What is important is that this is some great work, of the must-read variety. Failure, at this point in its existence, had become a sort of slice-of-life strip, with one to four panels devoted to anecdotes from his own life, including his relationship with his girlfriend, funny things his friends said or funny things he overheard. There are, additionally, plenty of flights of fancy starring his descendant in the far-flung future, and recurring characters like Bongbot, a time-traveling robot bong, and Pope Cat, a cat who is also the pope (if I’ve got that right).
What keeps Failure from being as mundane as you might imagine it, based on how I just described its premise, is what an incredible artist Stevens is. He works in a lush, highly detailed, representational style, as if he were drawing portraits rather than cartoons. Check this out:
Auctions | The original art for two Peanuts Sunday comics, one of them autographed by Charles Schulz, sold for a combined price of $78,200 at auction on June 6. [artdaily.org]
Creators | Zander Cannon and Kevin Cannon, who are doomed to be forever yoked by the parenthetical phrase “no relation,” reminisce about the days when they were paid for their work in beef, and talk about their digital-first strategy, serializing Zander’s Heck and Kevin’s Crater XV in their monthly digital magazine Double Barrel before releasing them in print. Mark Waid drops in to praise the Cannons for their digital strategy, saying, “If you let the audience access your material over the Web rather than force them to search — often in vain — for a retail outlet, they’ll be your fans for life.” [Minneapolis Star Tribune]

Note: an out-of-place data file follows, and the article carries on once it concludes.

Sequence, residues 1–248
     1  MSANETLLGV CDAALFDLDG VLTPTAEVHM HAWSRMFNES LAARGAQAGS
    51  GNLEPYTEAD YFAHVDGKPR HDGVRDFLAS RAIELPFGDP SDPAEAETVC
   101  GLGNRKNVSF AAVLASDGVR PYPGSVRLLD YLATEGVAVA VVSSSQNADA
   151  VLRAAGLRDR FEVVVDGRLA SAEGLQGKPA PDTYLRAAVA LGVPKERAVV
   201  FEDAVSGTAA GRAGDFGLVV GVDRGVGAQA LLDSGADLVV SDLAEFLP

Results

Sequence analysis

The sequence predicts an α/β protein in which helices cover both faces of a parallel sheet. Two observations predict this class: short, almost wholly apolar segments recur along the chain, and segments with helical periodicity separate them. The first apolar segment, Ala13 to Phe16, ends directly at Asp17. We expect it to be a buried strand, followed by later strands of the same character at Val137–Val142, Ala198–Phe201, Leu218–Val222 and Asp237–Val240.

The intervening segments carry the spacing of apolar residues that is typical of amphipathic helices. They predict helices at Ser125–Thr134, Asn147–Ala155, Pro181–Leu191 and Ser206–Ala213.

Welcome to “Cheat Sheet,” ROBOT 6′s guide to the week ahead. Now that everyone is coming down from the high (or the low, depending upon your opinion) of Man of Steel‘s $125.1 million opening weekend, it’s time to settle back in for some actual comic books. And this week, there are plenty to recommend, from new-series debuts like Brother Lono and The X-Files Season 10 to original graphic novels like Paul Joins the Scouts and Primates.
But that’s not all, as this weekend also brings the fifth annual Kids Read Comics convention …
Legal | The Malaysian cartoonist Zunar has appealed a court decision upholding his 2010 arrest and detention, claiming police acted in bad faith when they arrested him under the Sedition Act because of his book Cartoon-O-Phobia, which had not yet been released at the time of his arrest. No charges were ever filed, as the police could not identify any actual seditious content in the books. A court ruled in July 2012 that Zunar’s arrest was lawful but ordered the police to return the books they had confiscated and pay him damages. An appellate court will hear the case next week. [The Comics Reporter]
Publishing | Heidi MacDonald takes a look at Marvel’s new graphic novel line, which will launch in October with Warren Ellis and Mike McKone’s Avengers: Endless Wartime. [Publishers Weekly]